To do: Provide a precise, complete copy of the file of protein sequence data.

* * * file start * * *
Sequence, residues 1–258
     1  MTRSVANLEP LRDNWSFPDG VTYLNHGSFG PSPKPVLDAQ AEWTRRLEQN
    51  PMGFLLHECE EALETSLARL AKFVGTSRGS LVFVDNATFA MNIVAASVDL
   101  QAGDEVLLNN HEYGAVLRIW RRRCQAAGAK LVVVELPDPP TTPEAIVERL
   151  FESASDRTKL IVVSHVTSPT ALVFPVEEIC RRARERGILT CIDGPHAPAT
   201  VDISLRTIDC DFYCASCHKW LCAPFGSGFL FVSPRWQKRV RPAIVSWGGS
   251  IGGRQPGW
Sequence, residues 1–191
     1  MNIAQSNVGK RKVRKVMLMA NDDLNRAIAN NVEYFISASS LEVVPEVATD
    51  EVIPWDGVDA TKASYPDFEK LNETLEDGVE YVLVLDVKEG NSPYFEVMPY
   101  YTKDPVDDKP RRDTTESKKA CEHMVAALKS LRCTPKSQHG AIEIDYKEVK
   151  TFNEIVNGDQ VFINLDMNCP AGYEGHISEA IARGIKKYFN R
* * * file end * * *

Sequence, residues 1–258
     1  MTRSVANLEP LRDNWSFPDG VTYLNHGSFG PSPKPVLDAQ AEWTRRLEQN
    51  PMGFLLHECE EALETSLARL AKFVGTSRGS LVFVDNATFA MNIVAASVDL
   101  QAGDEVLLNN HEYGAVLRIW RRRCQAAGAK LVVVELPDPP TTPEAIVERL
   151  FESASDRTKL IVVSHVTSPT ALVFPVEEIC RRARERGILT CIDGPHAPAT
   201  VDISLRTIDC DFYCASCHKW LCAPFGSGFL FVSPRWQKRV RPAIVSWGGS
   251  IGGRQPGW
Sequence, residues 1–191
     1  MNIAQSNVGK RKVRKVMLMA NDDLNRAIAN NVEYFISASS LEVVPEVATD
    51  EVIPWDGVDA TKASYPDFEK LNETLEDGVE YVLVLDVKEG NSPYFEVMPY
   101  YTKDPVDDKP RRDTTESKKA CEHMVAALKS LRCTPKSQHG AIEIDYKEVK
   151  TFNEIVNGDQ VFINLDMNCP AGYEGHISEA IARGIKKYFN R